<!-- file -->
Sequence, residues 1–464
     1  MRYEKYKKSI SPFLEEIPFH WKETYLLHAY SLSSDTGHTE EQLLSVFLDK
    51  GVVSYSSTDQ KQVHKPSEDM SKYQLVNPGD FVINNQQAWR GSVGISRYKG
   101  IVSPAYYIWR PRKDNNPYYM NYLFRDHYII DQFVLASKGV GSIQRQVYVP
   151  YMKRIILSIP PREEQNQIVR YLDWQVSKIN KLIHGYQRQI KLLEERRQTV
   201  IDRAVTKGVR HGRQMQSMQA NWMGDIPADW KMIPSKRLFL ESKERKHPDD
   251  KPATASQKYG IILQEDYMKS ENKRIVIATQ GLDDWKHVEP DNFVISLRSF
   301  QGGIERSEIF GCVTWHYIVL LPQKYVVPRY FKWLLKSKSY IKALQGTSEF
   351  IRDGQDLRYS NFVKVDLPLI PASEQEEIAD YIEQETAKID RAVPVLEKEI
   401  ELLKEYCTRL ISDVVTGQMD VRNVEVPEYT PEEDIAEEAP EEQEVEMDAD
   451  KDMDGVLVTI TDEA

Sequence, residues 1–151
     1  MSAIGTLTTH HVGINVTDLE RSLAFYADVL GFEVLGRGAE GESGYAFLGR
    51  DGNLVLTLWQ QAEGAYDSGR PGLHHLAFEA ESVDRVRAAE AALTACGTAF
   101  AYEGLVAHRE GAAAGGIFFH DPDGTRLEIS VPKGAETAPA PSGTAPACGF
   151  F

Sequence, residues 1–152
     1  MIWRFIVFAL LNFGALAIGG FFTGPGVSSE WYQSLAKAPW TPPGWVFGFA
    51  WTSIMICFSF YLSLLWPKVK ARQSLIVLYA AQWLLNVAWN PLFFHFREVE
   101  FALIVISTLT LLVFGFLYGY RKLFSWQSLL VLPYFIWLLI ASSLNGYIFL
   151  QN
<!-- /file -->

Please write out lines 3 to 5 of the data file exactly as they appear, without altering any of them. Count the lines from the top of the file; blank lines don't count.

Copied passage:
    51  GVVSYSSTDQ KQVHKPSEDM SKYQLVNPGD FVINNQQAWR GSVGISRYKG
   101  IVSPAYYIWR PRKDNNPYYM NYLFRDHYII DQFVLASKGV GSIQRQVYVP
   151  YMKRIILSIP PREEQNQIVR YLDWQVSKIN KLIHGYQRQI KLLEERRQTV